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September 22, 2018 September 22, 2018

Diversity disconnect makes appearance

Posted on January 24, 2018 by Taber Times

On the heels of the controversy swirling around MLA Dave Schneider’s recent comments about Indigenous people’s voting patterns and political engagement that angered a First Nations chief, a similar disconnect is being found further south on Highway 36.

In an effort to ensure the Taber Police Service is meeting the needs of groups of diversity within the community, a Diversity SWOT Analysis was recently completed gathering feedback from representatives of various groups the police service themselves handpicked.

What was a very noble intention by the Taber Police Service to never be static in the way it treats all of its citizenry by engaging minorities, all of the sudden turned into combative questions from one member of the police commission about said minority groups that were never posed by the Taber Police Service in its intent in the first place.

“Do those diversity groups want to be recognized as a specific diversity group, rather than a group that’s integrated into society?” questioned Coun. Joe Strojwas, one of two town council representatives on the TMPC. “Why would I stand in the middle of the street and put a sign up that I am whatever? Wouldn’t they get further in the world if they integrated and became part of the group, rather than a special diverse group?”

The two-day focus group workshop was conducted on Nov. 6-7, 2017, and included individuals from the Taber Equality Alliance, Filipino Society of Taber, the First Nations-Metis-Inuit (FNMI) community, and the Low German Mennonite community.

Just ask Taber and District Community Adult Learning Association how hard many Low German Mennonites are working to ‘get ‘further in the world’ by improving their English and reading skills. The TEA advocates Gay-Straight Alliances that are meant to bring people together of different sexual orientations for a greater understanding of each other in integration, yet has been met with plenty of disdain in Alberta conservative circles.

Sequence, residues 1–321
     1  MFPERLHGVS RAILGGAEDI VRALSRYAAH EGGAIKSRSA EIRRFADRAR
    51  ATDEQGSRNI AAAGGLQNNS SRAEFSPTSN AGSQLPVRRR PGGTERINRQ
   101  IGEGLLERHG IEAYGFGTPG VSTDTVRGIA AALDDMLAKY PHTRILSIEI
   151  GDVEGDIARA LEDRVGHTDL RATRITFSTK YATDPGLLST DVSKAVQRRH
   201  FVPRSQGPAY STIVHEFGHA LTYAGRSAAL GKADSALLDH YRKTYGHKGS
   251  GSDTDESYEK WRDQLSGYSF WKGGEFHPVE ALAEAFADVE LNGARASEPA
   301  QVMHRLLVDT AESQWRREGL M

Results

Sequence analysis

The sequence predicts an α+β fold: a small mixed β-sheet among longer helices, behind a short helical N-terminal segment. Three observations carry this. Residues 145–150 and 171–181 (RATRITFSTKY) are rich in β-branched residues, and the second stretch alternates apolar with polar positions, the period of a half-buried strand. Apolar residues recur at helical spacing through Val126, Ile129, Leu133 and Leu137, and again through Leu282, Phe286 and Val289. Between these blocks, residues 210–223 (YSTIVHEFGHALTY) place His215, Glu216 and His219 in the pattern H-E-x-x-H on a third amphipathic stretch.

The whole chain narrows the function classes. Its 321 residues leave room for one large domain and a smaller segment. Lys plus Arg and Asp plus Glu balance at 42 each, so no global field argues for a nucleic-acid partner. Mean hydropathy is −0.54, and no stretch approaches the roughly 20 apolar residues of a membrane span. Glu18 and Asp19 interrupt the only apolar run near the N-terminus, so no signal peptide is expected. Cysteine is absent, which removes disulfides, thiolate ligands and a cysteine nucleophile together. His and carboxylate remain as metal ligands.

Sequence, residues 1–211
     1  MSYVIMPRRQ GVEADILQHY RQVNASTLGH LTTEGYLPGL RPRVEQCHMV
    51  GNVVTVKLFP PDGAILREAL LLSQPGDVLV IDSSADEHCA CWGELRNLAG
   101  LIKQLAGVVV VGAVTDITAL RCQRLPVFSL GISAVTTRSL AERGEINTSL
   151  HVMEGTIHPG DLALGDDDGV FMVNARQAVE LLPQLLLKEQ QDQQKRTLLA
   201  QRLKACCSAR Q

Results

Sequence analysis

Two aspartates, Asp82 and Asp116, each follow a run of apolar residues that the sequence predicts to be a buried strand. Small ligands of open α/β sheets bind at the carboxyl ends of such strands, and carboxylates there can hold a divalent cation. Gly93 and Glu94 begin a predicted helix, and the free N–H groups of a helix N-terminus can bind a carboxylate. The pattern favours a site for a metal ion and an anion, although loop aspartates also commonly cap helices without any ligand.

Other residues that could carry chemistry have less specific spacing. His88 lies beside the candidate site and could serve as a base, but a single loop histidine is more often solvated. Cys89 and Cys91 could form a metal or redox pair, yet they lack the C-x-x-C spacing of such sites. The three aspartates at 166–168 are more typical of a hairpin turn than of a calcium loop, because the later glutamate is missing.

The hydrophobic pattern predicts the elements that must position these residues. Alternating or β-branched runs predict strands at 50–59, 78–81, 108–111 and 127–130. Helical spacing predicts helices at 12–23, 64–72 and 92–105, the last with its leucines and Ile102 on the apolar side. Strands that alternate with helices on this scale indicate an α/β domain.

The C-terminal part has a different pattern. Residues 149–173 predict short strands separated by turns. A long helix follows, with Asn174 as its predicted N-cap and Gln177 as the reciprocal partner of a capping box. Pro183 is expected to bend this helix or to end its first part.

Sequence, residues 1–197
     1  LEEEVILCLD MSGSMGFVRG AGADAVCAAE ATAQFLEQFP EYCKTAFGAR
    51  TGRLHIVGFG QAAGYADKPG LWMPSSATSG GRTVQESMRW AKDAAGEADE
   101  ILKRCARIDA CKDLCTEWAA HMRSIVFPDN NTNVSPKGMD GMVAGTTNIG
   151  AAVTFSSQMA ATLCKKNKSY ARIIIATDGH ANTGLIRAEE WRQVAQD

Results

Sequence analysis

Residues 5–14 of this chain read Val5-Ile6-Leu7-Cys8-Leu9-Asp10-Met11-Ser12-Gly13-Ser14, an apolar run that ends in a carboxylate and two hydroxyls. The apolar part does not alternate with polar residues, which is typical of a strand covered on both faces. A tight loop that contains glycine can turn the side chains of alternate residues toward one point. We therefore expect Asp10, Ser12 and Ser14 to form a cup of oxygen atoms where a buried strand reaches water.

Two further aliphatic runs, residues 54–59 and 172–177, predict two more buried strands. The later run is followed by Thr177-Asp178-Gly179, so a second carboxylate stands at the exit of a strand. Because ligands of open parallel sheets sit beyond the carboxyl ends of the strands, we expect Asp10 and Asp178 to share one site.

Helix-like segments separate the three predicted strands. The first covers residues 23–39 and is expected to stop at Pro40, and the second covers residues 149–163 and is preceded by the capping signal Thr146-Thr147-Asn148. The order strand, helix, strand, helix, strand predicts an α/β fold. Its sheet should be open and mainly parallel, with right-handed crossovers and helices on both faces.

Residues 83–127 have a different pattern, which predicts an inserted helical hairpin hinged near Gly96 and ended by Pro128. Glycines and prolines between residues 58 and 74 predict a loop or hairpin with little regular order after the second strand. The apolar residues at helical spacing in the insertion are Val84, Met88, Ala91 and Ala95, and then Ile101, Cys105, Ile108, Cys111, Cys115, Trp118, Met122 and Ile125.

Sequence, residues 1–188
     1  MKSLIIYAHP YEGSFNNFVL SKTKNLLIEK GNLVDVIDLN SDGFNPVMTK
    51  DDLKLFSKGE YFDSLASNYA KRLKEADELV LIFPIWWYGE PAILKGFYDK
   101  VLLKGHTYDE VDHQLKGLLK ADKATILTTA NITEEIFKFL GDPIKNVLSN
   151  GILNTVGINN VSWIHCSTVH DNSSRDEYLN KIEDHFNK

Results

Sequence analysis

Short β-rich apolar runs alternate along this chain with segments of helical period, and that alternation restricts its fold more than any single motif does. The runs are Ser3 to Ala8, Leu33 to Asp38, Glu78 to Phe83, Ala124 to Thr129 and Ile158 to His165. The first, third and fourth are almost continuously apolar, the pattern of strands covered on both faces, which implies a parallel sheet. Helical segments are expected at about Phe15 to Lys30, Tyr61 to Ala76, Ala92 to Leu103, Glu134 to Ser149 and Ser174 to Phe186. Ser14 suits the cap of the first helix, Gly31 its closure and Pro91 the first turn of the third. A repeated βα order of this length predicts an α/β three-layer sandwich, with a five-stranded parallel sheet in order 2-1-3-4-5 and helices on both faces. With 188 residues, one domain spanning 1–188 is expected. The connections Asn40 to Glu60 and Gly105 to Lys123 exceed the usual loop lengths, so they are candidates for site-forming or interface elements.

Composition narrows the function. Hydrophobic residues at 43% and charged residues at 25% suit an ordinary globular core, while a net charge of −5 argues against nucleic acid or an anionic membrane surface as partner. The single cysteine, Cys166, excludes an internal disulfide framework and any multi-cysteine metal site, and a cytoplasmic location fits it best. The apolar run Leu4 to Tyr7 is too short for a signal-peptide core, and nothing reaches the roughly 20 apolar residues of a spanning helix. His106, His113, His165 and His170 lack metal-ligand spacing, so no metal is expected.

There are many hard-working Filipinos helping drive the southern Alberta economy in their integration, all while some are being taken advantage of with documented abuses of the Temporary Foreign Worker Program.

Take a listen to last year’s Aboriginal Day and you would of heard of an elder blessing the ground that makes Canada great and all its citizenry.

“It was like they were pointing to themselves that they want to be acknowledged as being — and maybe it’s just the way that I interpret it — that they want to be acknowledged as a diverse group themselves. I was just wondering why they would want to be acknowledged as a separate group, and why they wouldn’t want to just blend in,” continued Stojwas as he veered off course from the intent of the focus group.

A missing and murdered Indigenous women inquiry calling for creation of a police task force to probe cold cases is asking for that integration that their cases are met with just as much dedication as others.

Language and cultural barriers exist when Low-German Mennonites first come to southern Alberta which the Taber Police Service recognize by reaching out in such a focus group.

Ask a school or family councillor just how easy it is to ‘integrate’ into mainstream society for people in the gay community.

Kudos to Taber Municipal Police Commission chairman Ken Holst for knowing what the real focus was of the focus group.

“Sometimes I think with some of those groups it’s society that maybe separates them moreso than (themselves),” said TMPC chair Ken Holst. “I know there’s some that do desire to be separated, but some through society — and I think that’s what they’re trying to guard themselves against is that the police service isn’t separating them, like sometimes society may wrongly separate them.”

Canada is a diverse place, full of all sorts of ethnicity, cultures, religions etc. It is part of what makes Canada great. Unfortunately, certain groups are over-represented as victims, in relation to being victims of crime, in Canada.

The Taber Police Service recognize that in building bridges to these groups and they should be commended for it. The no-holds barred findings in their report of both strengths and weaknesses show a high level of self awareness in their service delivery for public safety to everyone in their quest for self-improvement.

To borrow a phrase of ‘All Lives Matter,’ the Taber Police Service is showing just that by giving a voice to groups in their initiative.

Whether it wants to be acknowledged or not, there are many concrete examples both here in Taber and southern Alberta where that phrase has been spoken many a time while not being followed in practice.

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